LED Industry News: Lowes, Sylvania, Panasonic, Neo-Neon, CRS
Lowes is to sell a 60W-replacement LED lamp from Osram Sylvania, Panasonic is opening a a facility in Serbia to make electronic ballasts and drivers, and Neo-Neon is cutting back on its plans to install more MOCVD systems.
US-based home improvement store Lowes will carry a 60W-replacement LED lamp from Osram Sylvania. The Sylvania Ultra A-Line 12-watt lamp is rated at 810 lm and 2700K.
The lamp will be available on Lowes.com this month, with an expected price of $39.98, and in all Lowe's stores by second-quarter 2011. Rival store The Home Depot is selling a 60W-replacement LED lamp from Philips for $39.97.
Panasonic builds ballasts in Serbia
Japanese lighting manufacturer Panasonic Electric Works Co., Ltd. has established a new company in Svilajnac, the Republic of Serbia, to manufacture energy-efficient electronic devices (ballasts) for lighting fixtures. The new company is named Panasonic Electric Works Vossloh-Schwabe Serbia d.o.o. Volume production will commence in January 2011.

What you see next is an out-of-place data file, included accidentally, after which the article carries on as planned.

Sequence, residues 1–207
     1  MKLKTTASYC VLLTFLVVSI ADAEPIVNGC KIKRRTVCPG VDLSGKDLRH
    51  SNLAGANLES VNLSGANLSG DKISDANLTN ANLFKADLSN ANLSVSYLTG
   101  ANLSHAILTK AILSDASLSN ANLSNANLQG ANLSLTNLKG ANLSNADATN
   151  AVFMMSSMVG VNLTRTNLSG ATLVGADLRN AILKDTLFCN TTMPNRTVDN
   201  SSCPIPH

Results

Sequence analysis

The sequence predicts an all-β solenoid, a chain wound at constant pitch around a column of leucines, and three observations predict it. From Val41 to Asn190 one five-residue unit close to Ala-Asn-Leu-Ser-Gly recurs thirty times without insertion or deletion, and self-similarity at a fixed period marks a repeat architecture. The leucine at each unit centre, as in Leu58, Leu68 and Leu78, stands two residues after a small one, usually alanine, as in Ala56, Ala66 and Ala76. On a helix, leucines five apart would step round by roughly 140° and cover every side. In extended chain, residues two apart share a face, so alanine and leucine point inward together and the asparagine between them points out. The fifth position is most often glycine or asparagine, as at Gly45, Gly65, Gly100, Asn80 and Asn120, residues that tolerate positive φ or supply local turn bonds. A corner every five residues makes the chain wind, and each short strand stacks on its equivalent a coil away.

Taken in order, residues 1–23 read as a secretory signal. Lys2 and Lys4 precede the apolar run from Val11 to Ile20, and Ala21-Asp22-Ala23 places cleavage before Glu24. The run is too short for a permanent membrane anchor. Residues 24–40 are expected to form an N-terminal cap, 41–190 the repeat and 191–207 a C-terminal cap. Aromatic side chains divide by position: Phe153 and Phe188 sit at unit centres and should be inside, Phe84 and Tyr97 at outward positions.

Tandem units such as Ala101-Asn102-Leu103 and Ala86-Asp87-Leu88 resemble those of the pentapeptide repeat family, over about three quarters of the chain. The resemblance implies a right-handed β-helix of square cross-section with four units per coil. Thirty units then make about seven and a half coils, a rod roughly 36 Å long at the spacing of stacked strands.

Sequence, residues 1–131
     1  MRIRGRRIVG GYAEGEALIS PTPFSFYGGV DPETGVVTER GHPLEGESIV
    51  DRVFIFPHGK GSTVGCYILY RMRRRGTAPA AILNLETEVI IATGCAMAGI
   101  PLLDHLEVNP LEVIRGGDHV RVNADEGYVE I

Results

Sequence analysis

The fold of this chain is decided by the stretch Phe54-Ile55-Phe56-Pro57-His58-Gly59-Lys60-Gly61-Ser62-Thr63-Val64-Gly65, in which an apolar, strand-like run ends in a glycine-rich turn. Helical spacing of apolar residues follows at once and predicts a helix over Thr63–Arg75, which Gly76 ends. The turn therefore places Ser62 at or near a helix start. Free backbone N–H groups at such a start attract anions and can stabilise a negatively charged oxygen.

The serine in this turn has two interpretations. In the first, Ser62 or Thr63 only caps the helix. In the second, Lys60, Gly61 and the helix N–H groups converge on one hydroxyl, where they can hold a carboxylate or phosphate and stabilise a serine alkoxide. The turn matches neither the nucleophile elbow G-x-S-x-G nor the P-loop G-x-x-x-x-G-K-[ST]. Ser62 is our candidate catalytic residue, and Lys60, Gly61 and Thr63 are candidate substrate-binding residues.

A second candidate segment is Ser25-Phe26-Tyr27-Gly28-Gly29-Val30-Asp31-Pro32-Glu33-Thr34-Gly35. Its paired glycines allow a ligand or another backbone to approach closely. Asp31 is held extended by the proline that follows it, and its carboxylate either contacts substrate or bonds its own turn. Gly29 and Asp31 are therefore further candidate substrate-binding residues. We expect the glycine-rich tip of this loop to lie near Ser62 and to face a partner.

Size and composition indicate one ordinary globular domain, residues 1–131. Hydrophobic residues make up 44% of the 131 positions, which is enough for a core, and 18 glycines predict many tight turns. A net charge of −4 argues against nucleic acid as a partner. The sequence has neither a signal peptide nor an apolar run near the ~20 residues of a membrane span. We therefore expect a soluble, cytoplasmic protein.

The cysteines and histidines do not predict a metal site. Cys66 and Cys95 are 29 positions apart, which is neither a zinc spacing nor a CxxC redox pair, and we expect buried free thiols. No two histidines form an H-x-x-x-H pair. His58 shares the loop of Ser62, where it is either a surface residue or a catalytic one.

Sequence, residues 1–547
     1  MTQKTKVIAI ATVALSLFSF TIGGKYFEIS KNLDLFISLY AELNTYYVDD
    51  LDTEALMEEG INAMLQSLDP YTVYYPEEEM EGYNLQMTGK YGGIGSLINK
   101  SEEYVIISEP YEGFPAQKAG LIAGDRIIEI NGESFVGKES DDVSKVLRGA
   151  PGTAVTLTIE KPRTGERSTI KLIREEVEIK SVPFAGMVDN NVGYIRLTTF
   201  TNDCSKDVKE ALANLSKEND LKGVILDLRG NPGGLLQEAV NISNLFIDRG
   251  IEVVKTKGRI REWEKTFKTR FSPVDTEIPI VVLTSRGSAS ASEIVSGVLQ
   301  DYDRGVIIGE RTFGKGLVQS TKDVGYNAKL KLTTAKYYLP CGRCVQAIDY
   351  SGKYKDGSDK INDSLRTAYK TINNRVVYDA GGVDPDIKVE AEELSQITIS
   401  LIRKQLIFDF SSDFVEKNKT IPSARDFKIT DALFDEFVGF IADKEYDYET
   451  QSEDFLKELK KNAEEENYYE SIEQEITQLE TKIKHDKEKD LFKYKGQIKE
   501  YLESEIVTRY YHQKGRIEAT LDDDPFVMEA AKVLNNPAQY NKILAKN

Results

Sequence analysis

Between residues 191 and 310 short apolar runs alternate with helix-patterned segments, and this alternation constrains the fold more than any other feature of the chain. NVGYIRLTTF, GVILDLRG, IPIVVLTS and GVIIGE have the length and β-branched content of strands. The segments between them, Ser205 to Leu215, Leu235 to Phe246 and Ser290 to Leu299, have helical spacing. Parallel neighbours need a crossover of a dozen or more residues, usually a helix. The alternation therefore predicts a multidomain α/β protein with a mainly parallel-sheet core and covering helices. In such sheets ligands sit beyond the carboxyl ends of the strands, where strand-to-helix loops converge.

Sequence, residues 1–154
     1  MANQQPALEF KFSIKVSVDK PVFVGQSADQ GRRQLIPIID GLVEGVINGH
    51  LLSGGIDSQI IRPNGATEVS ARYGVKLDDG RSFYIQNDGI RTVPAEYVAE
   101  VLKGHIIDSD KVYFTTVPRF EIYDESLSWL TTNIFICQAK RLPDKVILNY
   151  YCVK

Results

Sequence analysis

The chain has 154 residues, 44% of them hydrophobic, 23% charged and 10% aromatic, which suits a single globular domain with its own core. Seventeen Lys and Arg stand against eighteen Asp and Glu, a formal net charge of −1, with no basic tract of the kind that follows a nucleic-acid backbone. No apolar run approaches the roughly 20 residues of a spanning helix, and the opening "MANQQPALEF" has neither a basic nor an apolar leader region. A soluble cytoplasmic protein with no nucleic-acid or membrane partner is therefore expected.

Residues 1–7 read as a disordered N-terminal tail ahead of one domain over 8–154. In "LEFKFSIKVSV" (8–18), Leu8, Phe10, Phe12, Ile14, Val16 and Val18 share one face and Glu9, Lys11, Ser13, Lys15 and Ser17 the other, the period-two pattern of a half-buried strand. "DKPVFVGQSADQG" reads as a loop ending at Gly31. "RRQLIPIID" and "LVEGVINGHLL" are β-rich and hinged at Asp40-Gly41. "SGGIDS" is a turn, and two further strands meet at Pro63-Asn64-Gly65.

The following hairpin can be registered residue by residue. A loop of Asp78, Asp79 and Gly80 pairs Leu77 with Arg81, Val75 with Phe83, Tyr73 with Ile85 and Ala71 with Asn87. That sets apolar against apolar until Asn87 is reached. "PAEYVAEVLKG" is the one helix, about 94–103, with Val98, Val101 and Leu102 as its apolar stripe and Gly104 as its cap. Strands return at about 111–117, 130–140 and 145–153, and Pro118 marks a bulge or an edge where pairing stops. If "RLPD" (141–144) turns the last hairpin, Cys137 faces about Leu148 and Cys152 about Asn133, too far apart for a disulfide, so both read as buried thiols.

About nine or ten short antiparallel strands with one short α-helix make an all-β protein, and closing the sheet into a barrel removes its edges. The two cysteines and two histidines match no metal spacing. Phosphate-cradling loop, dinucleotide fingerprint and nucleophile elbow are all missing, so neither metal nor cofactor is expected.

European directives are expected to drive the shift in demand from incandescent lamps to fluorescent lamps and LEDs, and this will increase the demand for electronic control of lighting devices. Panasonic Electric Works says it will give priority to upgrading electronic ballast production capabilities, with a view to developing its business in LED devices, in an effort to further expand the energy-efficient lighting devices business in Europe.
Neo-Neon to slow down LED epitaxial wafer expansion
Neo-Neon Holdings will reduce its planned capacity expansion for LED epitaxial wafers due to fears of an oversupply of LED chips used in backlight units of LCD TVs, according to an article on the Digitimes website. The company had been planning to install by the end of 2011 up to 50 MOCVD systems at its factories, two of which are in Jiangmen, southern China, and the other in Yangzhou, eastern China. The total figure has now been reduced to a maximum of 30 units. Neo-Neon feels that TFT-LCD panel makers have been expanding their in-house capacity for LED chips through their own subsidiaries.
LEDs lock in your vitamins
The company’s website offers further explanation: “Two flashing LEDs simulate sunlight, activating the vegetables’ natural defenses and stopping them from losing vitamins. The temperature can be adjusted to provide the optimum conditions for different types of fruit and vegetables, and the high humidity level stops them drying out and losing freshness.”